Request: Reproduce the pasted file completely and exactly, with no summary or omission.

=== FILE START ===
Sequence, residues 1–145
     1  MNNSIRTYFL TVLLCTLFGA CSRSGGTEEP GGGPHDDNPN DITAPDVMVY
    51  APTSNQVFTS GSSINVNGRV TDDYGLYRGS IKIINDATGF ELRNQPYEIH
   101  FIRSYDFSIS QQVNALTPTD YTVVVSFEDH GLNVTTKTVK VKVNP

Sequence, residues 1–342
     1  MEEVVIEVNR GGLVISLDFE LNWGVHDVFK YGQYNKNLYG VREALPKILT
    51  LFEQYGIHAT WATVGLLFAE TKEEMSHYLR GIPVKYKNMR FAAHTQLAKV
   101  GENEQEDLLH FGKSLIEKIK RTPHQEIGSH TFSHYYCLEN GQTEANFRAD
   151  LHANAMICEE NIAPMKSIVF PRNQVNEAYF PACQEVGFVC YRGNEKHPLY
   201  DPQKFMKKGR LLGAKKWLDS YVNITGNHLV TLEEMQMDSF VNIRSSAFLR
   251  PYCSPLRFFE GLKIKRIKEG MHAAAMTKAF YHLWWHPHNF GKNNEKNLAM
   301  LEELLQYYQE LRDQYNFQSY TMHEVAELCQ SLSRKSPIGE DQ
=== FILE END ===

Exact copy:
Sequence, residues 1–145
     1  MNNSIRTYFL TVLLCTLFGA CSRSGGTEEP GGGPHDDNPN DITAPDVMVY
    51  APTSNQVFTS GSSINVNGRV TDDYGLYRGS IKIINDATGF ELRNQPYEIH
   101  FIRSYDFSIS QQVNALTPTD YTVVVSFEDH GLNVTTKTVK VKVNP

Sequence, residues 1–342
     1  MEEVVIEVNR GGLVISLDFE LNWGVHDVFK YGQYNKNLYG VREALPKILT
    51  LFEQYGIHAT WATVGLLFAE TKEEMSHYLR GIPVKYKNMR FAAHTQLAKV
   101  GENEQEDLLH FGKSLIEKIK RTPHQEIGSH TFSHYYCLEN GQTEANFRAD
   151  LHANAMICEE NIAPMKSIVF PRNQVNEAYF PACQEVGFVC YRGNEKHPLY
   201  DPQKFMKKGR LLGAKKWLDS YVNITGNHLV TLEEMQMDSF VNIRSSAFLR
   251  PYCSPLRFFE GLKIKRIKEG MHAAAMTKAF YHLWWHPHNF GKNNEKNLAM
   301  LEELLQYYQE LRDQYNFQSY TMHEVAELCQ SLSRKSPIGE DQ